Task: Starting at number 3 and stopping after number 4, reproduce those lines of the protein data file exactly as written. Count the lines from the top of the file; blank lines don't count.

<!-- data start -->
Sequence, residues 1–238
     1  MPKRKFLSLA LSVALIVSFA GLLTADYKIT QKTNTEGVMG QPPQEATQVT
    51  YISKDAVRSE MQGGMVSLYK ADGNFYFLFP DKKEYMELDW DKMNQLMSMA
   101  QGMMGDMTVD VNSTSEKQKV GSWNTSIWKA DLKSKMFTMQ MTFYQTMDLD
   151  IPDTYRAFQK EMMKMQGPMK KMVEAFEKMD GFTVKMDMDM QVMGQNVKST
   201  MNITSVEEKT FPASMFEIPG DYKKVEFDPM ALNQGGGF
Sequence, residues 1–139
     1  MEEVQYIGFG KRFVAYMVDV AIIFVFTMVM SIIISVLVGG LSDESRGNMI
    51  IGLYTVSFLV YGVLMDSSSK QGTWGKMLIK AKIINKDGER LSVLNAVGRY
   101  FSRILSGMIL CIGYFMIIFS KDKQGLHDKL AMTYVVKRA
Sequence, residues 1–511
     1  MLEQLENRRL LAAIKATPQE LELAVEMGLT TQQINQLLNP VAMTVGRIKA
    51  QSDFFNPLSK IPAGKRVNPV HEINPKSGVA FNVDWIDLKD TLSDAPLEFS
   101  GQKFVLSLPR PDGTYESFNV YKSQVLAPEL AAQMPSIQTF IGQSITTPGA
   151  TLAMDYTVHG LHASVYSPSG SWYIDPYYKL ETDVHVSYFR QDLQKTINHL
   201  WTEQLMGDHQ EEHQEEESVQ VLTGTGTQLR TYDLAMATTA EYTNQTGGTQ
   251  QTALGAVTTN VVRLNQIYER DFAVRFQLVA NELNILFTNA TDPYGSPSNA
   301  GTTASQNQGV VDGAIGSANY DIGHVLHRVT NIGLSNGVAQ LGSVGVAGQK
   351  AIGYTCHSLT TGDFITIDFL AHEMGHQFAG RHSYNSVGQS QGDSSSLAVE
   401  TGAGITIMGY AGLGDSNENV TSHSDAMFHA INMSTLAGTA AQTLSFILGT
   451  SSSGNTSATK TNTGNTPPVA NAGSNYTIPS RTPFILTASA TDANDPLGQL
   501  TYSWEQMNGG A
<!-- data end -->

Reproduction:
    51  YISKDAVRSE MQGGMVSLYK ADGNFYFLFP DKKEYMELDW DKMNQLMSMA
   101  QGMMGDMTVD VNSTSEKQKV GSWNTSIWKA DLKSKMFTMQ MTFYQTMDLD